Manufacturing Key Performance Indicators (KPI) are custom calculations that are meaningful to your organization, and signify a position of success. In other words, when you view the results of your calculations, you’re looking for results that tell you you have either failed or succeeded.
Example: Avg Work Order hours: 38 Failed: Above 40 Success: Below 35
In this example, you’re somewhere in between failure and success. You are averaging 38 hours to build the average work order. Anything above 40 hours (in this example) is unsustainable. Anything below 35 hours is great! But in all likeliness, you may have a few bad samples that are skewing the results. So, you’re probably good. But still, it’s time to dig in and find out what’s going on. Which projects are taking so much time? Which employees had a hard time completing the jobs? What circumstances led to the “above 35” results? Maybe it’s an anomaly, or maybe it’s real. You won’t know until you dig into the actual time logs to find out.
Microsoft® Excel® is a good tool to calculate manufacturing KPI’s. You can bring your time tracking data in from Standard Time® and compute the exact success/fail scenarios that are meaningful to you.
It turns out that you can also use scripting in Standard Time to compute KPI’s to be displayed on the Work In Progress screen. (That’s a big display that shows the status of every project on the shop floor.) You custom KPI computations will display next to each job on the big WIP screen. You’ll be able to look up on the big screen and see if you’re achieving success on each job.
The video below describes the basics of manufacturing key performance indicators. Watch it for inspiration and a starting point. The next step might be to download Standard Time, and get started. And then we’ll help you get where you want to be.
Now you can get job status on your phone. Introducing the Work In Progress Android app, by Scoutwest, Inc.
Want to track progress of jobs and employees? Try the new Standard Time® Work In Progress Android app. The video below demonstrates.
You just set it up to pull data from the Standard Time Web Edition or Windows Edition. It syncs every 15 minutes. You have up-to-date info on the status of every job and employee working on them. Find out which jobs are taking too long. See when employee timers are not running, or running too long. And get a list of every time log in the system. Keep track of jobs right on your phone. Get notifications when project events occur.
Events the app shows notifications for:
Employee timers are not running
Employee timers are running too long
Projects exceed a specified percentage
Notification: Employee timers are not running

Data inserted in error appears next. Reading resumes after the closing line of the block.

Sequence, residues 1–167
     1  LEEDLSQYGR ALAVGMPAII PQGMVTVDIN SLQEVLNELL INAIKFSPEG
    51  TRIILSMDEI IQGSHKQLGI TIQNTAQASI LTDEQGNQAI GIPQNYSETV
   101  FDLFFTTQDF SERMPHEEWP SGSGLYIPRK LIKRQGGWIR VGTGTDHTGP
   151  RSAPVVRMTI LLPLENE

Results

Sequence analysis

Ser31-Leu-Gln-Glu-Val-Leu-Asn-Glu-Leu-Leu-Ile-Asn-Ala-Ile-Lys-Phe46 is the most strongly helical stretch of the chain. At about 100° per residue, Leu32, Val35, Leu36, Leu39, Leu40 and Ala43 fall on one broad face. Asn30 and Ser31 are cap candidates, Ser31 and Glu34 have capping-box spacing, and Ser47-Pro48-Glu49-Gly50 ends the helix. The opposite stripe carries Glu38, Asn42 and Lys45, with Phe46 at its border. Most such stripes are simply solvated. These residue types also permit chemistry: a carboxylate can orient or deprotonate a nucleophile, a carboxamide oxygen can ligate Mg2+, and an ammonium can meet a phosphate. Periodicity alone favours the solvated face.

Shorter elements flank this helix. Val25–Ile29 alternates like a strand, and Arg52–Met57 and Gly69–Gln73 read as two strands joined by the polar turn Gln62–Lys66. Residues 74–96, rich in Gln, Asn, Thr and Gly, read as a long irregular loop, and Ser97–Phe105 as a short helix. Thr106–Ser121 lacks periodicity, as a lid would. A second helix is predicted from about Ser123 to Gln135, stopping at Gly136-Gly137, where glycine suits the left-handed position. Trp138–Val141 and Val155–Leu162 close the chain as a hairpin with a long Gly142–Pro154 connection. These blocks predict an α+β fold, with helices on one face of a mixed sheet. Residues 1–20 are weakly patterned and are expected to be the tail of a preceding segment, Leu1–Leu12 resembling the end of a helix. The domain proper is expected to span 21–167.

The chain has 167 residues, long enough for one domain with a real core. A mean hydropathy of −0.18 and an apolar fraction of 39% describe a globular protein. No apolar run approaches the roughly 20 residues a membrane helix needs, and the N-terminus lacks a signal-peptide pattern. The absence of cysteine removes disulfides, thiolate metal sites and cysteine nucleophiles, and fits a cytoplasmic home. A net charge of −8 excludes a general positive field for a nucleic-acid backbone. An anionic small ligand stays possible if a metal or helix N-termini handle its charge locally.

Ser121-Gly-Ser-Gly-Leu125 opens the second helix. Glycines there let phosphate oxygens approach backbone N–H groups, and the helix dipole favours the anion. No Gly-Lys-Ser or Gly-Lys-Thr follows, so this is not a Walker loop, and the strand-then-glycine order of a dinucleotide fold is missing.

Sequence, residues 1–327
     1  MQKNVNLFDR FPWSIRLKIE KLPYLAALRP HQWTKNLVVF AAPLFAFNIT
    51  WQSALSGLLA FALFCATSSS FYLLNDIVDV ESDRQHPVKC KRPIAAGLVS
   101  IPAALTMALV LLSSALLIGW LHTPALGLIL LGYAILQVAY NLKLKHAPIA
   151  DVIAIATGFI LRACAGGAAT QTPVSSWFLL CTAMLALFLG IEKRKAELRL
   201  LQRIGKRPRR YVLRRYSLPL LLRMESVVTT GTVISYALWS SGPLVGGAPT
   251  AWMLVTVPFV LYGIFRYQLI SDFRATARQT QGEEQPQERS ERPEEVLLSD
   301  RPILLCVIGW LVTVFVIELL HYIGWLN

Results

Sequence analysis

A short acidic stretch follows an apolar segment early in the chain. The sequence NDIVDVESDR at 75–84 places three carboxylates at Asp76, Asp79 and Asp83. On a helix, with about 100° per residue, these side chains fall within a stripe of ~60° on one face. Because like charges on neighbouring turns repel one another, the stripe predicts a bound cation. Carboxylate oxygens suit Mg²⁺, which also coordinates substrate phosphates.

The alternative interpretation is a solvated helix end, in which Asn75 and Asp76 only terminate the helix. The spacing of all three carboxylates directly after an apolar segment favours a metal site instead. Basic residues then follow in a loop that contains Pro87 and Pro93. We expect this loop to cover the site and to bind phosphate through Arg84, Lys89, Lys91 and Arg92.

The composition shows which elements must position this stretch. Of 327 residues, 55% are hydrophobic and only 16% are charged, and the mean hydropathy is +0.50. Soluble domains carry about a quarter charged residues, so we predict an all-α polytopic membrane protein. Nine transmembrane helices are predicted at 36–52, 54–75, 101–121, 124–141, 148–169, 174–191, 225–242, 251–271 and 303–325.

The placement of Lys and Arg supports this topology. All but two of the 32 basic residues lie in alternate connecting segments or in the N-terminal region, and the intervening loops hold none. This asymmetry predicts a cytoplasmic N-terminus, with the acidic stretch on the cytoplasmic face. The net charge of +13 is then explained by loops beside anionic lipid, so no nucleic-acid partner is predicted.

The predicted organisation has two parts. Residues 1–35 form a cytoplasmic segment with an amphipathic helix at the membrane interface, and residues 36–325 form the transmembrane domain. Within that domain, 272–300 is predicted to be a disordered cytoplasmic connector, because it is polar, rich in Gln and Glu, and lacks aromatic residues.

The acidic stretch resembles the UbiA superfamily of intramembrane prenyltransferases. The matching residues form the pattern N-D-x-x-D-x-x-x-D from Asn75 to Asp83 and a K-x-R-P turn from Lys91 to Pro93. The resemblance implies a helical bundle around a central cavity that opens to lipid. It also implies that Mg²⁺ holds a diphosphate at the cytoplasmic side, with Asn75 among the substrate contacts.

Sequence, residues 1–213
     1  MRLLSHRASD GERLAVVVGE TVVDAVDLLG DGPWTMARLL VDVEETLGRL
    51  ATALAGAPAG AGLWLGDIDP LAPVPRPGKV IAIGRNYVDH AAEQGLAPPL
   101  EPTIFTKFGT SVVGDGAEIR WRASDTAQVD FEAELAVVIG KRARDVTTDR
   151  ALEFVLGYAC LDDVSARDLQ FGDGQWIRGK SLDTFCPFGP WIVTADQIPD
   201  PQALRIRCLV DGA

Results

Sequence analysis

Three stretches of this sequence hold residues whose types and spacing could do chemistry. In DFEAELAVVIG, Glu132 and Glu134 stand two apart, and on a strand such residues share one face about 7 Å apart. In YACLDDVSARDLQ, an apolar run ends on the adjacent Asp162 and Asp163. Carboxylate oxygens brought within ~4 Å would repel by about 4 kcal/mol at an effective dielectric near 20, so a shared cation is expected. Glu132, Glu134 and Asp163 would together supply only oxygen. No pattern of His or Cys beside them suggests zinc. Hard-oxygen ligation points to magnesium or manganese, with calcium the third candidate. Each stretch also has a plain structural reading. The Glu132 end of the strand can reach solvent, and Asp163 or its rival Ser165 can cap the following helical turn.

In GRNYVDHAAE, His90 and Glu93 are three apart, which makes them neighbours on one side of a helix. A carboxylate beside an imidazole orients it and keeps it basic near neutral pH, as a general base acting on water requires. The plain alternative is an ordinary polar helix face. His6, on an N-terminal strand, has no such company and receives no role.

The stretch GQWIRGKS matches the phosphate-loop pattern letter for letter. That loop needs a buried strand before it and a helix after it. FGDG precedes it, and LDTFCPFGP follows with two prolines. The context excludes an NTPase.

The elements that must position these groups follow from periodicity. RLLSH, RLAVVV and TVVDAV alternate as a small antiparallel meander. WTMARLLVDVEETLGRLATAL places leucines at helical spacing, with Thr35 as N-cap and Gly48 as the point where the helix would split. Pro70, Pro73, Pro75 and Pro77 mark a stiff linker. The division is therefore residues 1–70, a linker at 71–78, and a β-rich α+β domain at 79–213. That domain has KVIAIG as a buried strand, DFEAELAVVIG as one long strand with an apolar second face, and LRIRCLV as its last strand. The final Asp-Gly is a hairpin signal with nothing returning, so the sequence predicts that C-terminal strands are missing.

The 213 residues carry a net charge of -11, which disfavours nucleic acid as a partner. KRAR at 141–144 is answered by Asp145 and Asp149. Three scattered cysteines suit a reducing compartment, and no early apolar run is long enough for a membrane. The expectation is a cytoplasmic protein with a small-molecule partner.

This notification helps make sure everyone is working. If an hour passes, and employees are not tracking time, the app notifies you. (You set the threshold) You see the last time they worked, and the job they worked on. You can check in with them to determine status, and encourage them to restart the job.
Notification: Employee timers running too long
This notification helps catch cases where employees forgot to stop a timer. You can go into the Standard Time desktop or web app and stop the timer, and reset the stop time. That helps ensure hours are correct.
Notification: Projects exceed a specified percentage
When jobs get out of control, you sometimes want to be notified. You set the percentage to be notified at. The app watches for too many hours, and pops up a standard phone notification when the percentage exceeds your setting. Now you can jump on the problem and make sure things get finished up and moving forward.
Don’t be tied to a terminal
This is another way to disconnect you from the desktop. Check project status anywhere, and be notified when something goes wrong.
Employees may have different billing rates for each client. And when employees scan work orders on the manufacturing shop floor, you want the correct billing rates applied. In other words, clients should be billed appropriately for each employee or kind of work performed.
Your welders likely bill out at different rates than your project managers. Maybe machinists and metal workers bill differently than material handlers. The point is, custom and bespoke work orders can use a mixture of billing rates. Those rates depend on the kind of work that goes into the job.
When you finally run the client invoice, you’ve got appropriate rates for everyone who contributed. And there’s nothing special you or your employees need to do. Just set up the rates once, and you’re good to go. Now employees just scan work order barcodes when they start and stop the job.